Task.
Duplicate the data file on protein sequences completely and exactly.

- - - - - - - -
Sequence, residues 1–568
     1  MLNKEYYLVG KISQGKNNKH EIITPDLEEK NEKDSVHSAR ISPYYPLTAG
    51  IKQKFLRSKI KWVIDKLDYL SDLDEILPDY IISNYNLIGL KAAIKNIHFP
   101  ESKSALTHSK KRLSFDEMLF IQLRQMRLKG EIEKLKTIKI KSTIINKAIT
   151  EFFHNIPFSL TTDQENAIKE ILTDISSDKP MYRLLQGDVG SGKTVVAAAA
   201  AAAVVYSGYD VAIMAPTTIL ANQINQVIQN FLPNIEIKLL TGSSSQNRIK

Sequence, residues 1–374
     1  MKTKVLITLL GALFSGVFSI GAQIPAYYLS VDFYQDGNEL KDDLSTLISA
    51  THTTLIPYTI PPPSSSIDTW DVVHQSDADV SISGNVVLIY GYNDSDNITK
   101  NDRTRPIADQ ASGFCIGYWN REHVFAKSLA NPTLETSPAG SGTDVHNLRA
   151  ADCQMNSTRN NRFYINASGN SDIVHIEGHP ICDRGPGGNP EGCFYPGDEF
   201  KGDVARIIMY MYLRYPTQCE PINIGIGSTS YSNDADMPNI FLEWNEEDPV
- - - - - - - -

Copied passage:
Sequence, residues 1–568
     1  MLNKEYYLVG KISQGKNNKH EIITPDLEEK NEKDSVHSAR ISPYYPLTAG
    51  IKQKFLRSKI KWVIDKLDYL SDLDEILPDY IISNYNLIGL KAAIKNIHFP
   101  ESKSALTHSK KRLSFDEMLF IQLRQMRLKG EIEKLKTIKI KSTIINKAIT
   151  EFFHNIPFSL TTDQENAIKE ILTDISSDKP MYRLLQGDVG SGKTVVAAAA
   201  AAAVVYSGYD VAIMAPTTIL ANQINQVIQN FLPNIEIKLL TGSSSQNRIK

Sequence, residues 1–374
     1  MKTKVLITLL GALFSGVFSI GAQIPAYYLS VDFYQDGNEL KDDLSTLISA
    51  THTTLIPYTI PPPSSSIDTW DVVHQSDADV SISGNVVLIY GYNDSDNITK
   101  NDRTRPIADQ ASGFCIGYWN REHVFAKSLA NPTLETSPAG SGTDVHNLRA
   151  ADCQMNSTRN NRFYINASGN SDIVHIEGHP ICDRGPGGNP EGCFYPGDEF
   201  KGDVARIIMY MYLRYPTQCE PINIGIGSTS YSNDADMPNI FLEWNEEDPV